The Labour Party in Blackpool: The clause that can bring forth division again

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The Independent Online
THE HALLOWED wording of Clause IV, Tony Blair's modernisation target, was part of the constitution for the party drawn up in 1918, most of which is normally attributed to Sydney and Beatrice Webb, writes Donald Macintyre.

It declares a commitment 'to secure for the workers by hand or by brain the full fruits of their industry, and the most equitable distribution thereof that may be possible upon the basis of the common ownership of the means of production, distribution and exchange, and the best obtainable system of popular administration and control of each industry or service'.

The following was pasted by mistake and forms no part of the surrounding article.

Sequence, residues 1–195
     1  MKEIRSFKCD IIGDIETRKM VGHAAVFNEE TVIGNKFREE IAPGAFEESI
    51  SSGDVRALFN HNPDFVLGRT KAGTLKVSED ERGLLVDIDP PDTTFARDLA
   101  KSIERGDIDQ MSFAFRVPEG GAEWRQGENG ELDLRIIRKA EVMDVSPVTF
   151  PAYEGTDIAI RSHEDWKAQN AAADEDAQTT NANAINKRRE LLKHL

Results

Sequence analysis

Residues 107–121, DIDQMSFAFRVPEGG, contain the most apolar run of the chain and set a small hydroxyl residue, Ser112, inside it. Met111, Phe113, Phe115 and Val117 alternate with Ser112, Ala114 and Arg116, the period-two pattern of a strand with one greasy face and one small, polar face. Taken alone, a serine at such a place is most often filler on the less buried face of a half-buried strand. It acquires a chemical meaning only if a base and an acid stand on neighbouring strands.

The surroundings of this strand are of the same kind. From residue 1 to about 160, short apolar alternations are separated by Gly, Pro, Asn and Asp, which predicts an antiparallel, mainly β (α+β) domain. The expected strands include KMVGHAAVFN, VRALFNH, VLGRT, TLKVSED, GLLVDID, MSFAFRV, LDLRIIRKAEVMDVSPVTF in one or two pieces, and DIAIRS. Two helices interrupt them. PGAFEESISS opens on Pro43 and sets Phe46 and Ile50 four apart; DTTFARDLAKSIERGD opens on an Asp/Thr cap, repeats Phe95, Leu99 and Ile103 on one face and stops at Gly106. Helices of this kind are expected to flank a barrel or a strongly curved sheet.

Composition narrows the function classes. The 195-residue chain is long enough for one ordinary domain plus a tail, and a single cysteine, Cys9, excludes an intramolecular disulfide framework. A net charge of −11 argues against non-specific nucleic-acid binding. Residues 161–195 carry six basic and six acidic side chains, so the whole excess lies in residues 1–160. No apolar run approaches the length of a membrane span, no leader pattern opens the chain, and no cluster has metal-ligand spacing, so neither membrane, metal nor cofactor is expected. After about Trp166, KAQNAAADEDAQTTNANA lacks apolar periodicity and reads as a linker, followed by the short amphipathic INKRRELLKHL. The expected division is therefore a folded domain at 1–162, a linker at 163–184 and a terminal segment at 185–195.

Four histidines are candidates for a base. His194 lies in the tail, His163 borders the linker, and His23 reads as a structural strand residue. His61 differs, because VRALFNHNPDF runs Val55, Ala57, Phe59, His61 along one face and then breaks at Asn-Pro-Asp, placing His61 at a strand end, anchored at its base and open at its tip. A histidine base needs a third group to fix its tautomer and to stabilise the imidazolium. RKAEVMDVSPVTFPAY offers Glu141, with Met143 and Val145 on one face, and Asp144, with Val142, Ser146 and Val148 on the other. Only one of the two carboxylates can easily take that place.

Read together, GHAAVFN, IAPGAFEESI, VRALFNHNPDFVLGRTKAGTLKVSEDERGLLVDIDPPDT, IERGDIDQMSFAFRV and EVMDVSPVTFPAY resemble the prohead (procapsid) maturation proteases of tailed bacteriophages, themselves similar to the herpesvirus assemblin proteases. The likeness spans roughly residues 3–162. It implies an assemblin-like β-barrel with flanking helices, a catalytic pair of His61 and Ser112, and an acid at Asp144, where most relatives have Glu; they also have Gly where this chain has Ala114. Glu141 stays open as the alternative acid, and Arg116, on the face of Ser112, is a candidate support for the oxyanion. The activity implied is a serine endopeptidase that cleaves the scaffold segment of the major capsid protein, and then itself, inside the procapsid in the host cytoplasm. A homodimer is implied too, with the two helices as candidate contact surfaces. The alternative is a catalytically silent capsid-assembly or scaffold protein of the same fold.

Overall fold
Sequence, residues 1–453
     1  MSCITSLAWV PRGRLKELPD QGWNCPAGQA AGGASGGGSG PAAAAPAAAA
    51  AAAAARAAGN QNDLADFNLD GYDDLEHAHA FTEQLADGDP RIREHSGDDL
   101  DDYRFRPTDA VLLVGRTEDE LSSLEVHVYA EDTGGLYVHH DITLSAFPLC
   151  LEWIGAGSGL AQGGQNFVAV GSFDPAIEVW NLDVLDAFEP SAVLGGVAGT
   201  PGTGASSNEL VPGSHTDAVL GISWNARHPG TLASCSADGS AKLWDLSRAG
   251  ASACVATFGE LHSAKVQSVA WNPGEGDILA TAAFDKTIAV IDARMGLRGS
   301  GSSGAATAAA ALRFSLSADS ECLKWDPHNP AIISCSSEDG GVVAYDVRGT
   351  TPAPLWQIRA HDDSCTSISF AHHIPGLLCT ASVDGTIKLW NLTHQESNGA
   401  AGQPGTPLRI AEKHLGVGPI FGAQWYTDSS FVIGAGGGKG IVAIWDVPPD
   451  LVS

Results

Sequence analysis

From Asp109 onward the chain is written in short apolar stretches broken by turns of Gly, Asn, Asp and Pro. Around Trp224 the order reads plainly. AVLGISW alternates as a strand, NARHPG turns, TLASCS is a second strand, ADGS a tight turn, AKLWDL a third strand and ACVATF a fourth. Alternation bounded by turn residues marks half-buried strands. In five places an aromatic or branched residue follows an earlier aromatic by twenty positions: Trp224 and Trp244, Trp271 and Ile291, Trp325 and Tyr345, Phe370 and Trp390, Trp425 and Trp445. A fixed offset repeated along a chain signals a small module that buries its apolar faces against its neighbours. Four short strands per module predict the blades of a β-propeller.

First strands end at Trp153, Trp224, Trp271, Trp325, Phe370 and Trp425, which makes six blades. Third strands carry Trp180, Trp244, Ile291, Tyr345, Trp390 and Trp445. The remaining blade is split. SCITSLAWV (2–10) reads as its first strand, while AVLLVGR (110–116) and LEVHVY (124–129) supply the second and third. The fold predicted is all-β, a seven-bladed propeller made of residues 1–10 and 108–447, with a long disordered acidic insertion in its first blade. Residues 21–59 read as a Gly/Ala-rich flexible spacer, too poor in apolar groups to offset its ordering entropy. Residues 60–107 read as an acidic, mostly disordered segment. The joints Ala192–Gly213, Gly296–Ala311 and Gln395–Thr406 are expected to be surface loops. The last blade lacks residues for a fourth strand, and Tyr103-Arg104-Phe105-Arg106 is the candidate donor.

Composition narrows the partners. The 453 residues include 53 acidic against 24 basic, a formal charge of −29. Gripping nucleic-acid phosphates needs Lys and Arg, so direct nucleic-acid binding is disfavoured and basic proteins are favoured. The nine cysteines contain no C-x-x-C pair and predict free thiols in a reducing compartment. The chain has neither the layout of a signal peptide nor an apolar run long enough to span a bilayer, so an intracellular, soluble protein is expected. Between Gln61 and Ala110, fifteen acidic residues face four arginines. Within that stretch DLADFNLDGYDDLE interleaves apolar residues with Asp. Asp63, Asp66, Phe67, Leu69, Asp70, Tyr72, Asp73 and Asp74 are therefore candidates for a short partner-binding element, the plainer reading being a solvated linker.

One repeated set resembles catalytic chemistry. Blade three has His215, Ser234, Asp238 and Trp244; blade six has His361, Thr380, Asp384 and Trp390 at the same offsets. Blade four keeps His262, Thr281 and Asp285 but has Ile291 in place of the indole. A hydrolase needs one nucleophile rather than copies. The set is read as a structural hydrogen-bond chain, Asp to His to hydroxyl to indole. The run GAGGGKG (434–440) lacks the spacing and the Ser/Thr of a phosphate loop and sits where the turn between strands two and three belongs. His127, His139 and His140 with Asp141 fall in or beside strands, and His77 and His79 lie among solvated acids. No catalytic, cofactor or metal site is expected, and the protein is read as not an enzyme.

In the aftermath of the traumatic 1959 election defeat, Hugh Gaitskell, against the advice of some of his closest allies on the right of the party, sought to replace the clause as Mr Blair is seeking to do. But eventually he backed off in the wake of furious left-wing opposition and lack of enthusiasm from allies such as Sam Watson, the famous Durham miners' leader, himself on the right of the party.

During the infighting, it was revealed that Arthur Henderson, the deputy leader of the party in the 1920s, had questioned the relevance of the 1918 clause less than a decade after it was introduced.